It probably isn't a surprise to many that my favourite column in the business weekly, The Economist, is the Buttonwood column. It closely parallels my interests, with a blend of macro views intermingled with investing. I have no idea how useful any of it is to investing but I like reading it :)
A few weeks ago, Buttonwood had an interesting column, "The very long view," talking about how asset returns typically depend on when you invest. This isn't true for stockpickers since they will do well in any conditions if they are right. Indeed, it's hard to say what type of environment suits someone like Warren Buffett or Walter Schloss, given their strong performance in almost any environment. Yet, for the general public, it is likely true that your returns will depend heavily on the timing.
The article quoted a Barclays Capital analyst, Tim Bond, as saying that asset returns are strongly correlated with the 'saving age' portion of the population. Buttonwood suggest, in my view a bad guess, that the poor returns in the last decade may have been due to the decline in the 'saving age' population. Let me quote the relevant portion:
Tim Bond of Barclays Capital argues that demography may be to blame. The key “saving age” is the cohort of 35-54 year-olds. As they prepare for retirement, they pile into the asset class du jour. Mr Bond shows that since the second world war there has been a close correlation between American equity valuations and the proportion of 35-54 year-olds in the population. That the “noughties” proved to be a dismal decade for equities was hardly surprising. The number of retirees (who run down their portfolios) was rising relative to the number of savers.
I don't access to the quoted report but I thought I would take a quick look to see if there is any correlation.
The following data plots the total returns of S&P 500 and the T-bond, along with the percentage of population that is in the 35 to 54 age category. I have also shown a best-fit polynominal curve for the two assets.
The choice of the polynomial curve is highly subjective and I just picked something that fit reasonably well and captured the behaviour of asset returns (a moving average or a different curve may produce slightly different results.) My analysis here is very simple and doesn't use any complicated statistical methods (such as attempting to cancel out other factors.)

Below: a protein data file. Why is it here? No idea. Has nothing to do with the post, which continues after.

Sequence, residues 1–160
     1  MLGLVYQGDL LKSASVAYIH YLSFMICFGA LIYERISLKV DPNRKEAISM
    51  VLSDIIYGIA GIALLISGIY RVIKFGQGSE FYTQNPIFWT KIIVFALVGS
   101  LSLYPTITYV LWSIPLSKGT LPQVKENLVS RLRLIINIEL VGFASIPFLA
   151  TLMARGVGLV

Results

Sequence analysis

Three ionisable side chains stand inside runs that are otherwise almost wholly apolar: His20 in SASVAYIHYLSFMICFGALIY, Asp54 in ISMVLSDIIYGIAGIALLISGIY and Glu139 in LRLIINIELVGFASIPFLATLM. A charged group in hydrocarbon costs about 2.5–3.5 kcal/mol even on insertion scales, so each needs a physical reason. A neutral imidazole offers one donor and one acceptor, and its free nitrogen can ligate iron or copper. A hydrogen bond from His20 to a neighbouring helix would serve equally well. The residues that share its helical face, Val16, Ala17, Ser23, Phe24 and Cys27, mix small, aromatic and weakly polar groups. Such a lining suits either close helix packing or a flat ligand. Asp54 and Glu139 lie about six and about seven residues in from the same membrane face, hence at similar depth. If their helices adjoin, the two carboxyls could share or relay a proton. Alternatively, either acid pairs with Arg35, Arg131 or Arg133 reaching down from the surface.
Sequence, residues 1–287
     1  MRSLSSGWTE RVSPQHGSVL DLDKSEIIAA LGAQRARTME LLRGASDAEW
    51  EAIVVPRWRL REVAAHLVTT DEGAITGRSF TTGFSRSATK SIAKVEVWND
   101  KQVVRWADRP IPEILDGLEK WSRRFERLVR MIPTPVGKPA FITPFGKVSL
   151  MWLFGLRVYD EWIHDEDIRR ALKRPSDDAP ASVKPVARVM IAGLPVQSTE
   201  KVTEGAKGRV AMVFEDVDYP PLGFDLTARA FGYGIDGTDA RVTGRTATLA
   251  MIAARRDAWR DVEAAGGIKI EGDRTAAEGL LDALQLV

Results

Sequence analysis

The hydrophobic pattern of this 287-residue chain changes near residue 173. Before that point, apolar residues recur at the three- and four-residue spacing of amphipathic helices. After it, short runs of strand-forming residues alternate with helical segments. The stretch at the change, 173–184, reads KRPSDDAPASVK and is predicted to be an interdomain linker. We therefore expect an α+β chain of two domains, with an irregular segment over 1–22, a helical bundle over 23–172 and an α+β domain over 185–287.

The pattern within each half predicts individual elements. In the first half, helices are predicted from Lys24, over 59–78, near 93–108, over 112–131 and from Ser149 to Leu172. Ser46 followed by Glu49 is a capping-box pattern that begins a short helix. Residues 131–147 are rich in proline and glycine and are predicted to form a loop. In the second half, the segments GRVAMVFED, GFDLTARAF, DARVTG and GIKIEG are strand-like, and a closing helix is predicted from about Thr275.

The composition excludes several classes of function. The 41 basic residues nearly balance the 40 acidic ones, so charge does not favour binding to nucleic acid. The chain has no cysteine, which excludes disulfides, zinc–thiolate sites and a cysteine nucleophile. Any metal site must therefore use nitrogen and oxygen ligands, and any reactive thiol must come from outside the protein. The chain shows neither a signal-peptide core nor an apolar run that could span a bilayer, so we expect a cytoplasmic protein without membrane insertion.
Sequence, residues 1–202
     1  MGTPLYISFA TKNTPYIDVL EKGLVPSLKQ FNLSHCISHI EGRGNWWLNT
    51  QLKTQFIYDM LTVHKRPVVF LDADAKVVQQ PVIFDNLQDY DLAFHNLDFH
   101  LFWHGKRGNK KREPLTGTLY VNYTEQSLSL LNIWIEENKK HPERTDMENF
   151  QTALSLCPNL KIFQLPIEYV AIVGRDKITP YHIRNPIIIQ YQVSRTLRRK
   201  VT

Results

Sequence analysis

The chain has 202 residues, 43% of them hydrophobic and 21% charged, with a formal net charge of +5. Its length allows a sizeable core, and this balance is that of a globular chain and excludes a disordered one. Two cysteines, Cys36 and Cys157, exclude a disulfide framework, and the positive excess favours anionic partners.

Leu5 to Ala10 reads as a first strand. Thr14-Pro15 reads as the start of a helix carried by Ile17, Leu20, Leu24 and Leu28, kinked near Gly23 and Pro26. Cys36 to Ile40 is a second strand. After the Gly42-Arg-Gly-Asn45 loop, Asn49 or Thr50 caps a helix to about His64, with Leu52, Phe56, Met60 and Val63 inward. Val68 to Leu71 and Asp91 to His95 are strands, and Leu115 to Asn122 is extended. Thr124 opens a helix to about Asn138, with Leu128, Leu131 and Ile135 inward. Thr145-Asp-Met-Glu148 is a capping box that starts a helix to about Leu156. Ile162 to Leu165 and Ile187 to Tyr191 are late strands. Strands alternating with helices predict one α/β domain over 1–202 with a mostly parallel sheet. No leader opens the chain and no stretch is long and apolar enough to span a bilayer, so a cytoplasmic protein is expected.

The 'saving age' population is shown in green dots and you can see how it is starting to decline with the onset of the retirement of the baby boomers.
Based on this graph, there doesn't seem to be any relationship between the 'saving age' population and the stock and bond markets. I don't know if I'm doing anything wrong here but I have zero confidence that the 'saving age' population has anything to do with asset performance.
The correlations using the data in the chart is shown below:
The top part is the R value, while the bottom is the R-squared value, which is supposed to be a measure of the relationship between two variables. The R-squared value is less than 1% and is essentially saying that one variable doesn't influence the other.
To sum up, I see no merit in the view that the 'saving age' proportion of the population drives asset returns. Even if it did influence returns, the impact appears very minor, to the point of being negligible. In my opinion, ignoring the political elements (such as war or asset seizure by the government,) the #1 driver of asset returns is valuation. The baby boomers will likely start liquidating assets and/or shifting towards less risky assets but there is little evidence that necessarily means poor returns. Tags: demographics